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Chit by Ted Naughton

We worked in two rows. Our father dug up spuds in dress trousers, the big yellow tubers encrusted with bog navy earth surrounding him. He wanted to look smart for the people we had borrowed the strip of land from. His black slip-on shoes caught the rays of the evening sun. Still shiny.

Barry worked alongside our father, forking up the leafy plump plants out of the ground then heaving them towards us, their bulbs of potatoes bouncing against each other.

I thought they were beautiful. Delicious. My mother and I picked them up, ripped off the leaves and threw them in our buckets. The plants with their purple and yellow flowers were already limp, already dying.

My mother was tight lipped as she worked - stiff with difficulty, but also with intent. Efficient.

The buckets were soon overflowing; with nowhere else to go, the thrown potatoes rolled and bounced around them on the ground.

Barry dropped his fork and ran to the open boot of the car. He grabbed a handful of empty paper sacks, wordlessly flinging them at our mother and I as he went past us.

He reached down, picked up his fork, and unearthed more spuds in a slow showy arc of return. Dad smirked at him. My mother paused almost imperceptibly; she straightened her crooked back, watching both of them, then quickly glanced at me.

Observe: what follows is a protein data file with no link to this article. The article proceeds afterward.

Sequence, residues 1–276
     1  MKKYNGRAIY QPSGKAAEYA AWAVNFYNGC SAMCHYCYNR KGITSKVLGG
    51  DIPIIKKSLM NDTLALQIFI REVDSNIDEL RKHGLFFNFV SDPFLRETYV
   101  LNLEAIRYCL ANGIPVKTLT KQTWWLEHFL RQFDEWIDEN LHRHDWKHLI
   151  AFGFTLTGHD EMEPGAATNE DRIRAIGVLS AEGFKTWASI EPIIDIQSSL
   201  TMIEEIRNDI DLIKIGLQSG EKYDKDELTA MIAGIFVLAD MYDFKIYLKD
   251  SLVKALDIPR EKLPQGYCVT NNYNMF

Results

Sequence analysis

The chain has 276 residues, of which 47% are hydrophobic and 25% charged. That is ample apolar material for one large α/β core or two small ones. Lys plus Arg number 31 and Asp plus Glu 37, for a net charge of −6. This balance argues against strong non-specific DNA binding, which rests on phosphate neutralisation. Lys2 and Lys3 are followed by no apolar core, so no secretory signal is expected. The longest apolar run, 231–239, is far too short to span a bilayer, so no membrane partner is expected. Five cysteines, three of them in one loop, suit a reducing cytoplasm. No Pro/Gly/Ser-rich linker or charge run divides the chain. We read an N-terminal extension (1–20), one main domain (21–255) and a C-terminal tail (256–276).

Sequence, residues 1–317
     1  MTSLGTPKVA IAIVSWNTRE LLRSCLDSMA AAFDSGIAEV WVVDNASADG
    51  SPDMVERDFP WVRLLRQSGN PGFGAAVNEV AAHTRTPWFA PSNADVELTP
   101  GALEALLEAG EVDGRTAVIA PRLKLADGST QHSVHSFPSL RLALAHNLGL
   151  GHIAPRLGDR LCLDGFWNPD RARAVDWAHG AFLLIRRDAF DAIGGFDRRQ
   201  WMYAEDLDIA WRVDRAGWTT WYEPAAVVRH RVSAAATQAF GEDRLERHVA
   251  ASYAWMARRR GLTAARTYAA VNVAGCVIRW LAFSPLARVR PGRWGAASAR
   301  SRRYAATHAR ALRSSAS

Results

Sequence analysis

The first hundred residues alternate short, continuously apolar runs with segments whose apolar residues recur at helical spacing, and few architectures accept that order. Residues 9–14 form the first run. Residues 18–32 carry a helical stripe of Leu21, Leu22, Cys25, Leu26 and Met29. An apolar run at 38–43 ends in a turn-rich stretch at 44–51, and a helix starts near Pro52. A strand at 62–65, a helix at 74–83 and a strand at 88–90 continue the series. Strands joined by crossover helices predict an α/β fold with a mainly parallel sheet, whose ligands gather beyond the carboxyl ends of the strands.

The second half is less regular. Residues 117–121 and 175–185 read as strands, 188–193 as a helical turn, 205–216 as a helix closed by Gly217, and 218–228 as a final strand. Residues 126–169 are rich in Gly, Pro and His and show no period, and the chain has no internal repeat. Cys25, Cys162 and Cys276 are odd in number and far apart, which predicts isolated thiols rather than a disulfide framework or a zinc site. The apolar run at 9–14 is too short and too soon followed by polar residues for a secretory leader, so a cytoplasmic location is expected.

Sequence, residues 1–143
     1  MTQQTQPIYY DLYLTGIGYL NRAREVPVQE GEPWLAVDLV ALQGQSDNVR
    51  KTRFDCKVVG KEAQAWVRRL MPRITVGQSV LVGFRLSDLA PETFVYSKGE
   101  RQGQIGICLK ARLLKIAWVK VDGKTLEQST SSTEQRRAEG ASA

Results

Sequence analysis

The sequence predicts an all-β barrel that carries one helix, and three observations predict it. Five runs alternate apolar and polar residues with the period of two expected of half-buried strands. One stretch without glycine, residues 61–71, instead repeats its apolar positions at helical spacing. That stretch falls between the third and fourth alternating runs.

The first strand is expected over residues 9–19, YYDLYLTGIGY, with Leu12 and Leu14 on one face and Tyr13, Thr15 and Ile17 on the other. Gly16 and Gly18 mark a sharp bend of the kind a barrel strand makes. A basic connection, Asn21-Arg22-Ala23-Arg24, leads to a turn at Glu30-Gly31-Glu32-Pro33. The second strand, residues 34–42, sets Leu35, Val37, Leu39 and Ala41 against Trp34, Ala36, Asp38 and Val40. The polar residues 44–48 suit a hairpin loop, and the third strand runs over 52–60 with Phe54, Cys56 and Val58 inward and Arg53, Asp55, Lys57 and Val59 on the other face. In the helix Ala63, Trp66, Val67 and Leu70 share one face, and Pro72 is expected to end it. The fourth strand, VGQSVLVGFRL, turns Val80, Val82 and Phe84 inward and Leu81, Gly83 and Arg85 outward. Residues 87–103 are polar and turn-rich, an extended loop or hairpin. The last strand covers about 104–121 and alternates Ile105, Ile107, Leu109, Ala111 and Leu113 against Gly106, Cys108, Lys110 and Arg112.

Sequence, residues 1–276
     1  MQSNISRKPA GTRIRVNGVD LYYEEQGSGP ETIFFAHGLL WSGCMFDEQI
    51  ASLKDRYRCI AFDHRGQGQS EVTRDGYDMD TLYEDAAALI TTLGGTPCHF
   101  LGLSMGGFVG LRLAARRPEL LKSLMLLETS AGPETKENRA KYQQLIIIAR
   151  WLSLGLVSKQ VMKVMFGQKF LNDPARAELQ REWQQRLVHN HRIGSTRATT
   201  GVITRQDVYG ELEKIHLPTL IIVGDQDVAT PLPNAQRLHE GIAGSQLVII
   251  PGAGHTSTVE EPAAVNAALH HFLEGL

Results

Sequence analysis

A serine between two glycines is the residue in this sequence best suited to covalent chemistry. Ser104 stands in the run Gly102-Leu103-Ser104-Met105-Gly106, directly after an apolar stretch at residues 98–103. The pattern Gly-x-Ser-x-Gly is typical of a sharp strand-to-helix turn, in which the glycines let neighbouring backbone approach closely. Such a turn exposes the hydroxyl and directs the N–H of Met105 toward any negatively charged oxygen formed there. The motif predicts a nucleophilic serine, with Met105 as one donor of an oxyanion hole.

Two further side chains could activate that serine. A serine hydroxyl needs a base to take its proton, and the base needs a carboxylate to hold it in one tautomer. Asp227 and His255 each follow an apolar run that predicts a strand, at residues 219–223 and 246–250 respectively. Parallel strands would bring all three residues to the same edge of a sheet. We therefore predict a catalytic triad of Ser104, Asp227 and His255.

I carried on working but I saw the look on her face. Was it pity? Was it love? Was it her compassion or was it her fear for me I saw? But I saw it.

As the next spud came flying towards us, I caught it, flecks of earth spattering my face.

And I just flung it back at my brother as hard as I could, with a fury that I didn’t know I had, fury that was heavy and swollen like a spud.

My brother’s jaw dropped, my father’s fork fell. But I was gone. I knew how the car started despite my dad not bothering to show me.

"Maryanne’s not interested in driving," he would say in front of me. But his Maryanne knew how to drive.

So I ran and jumped in and hit the ignition and swung the gears into reverse. I must have mashed 20 or 30 honey-coloured potatoes back deep into the ground they came from as I revved the engine exactly as I watched my dad do. The lid of the unlocked boot bobbed up and more spuds launched themselves into space.

My brother’s grimy fingernails were almost at my throat. But I had flicked the gearstick and the car lurched forward and smacked the tarmac like a fat sweaty arse. I was free. Bye.

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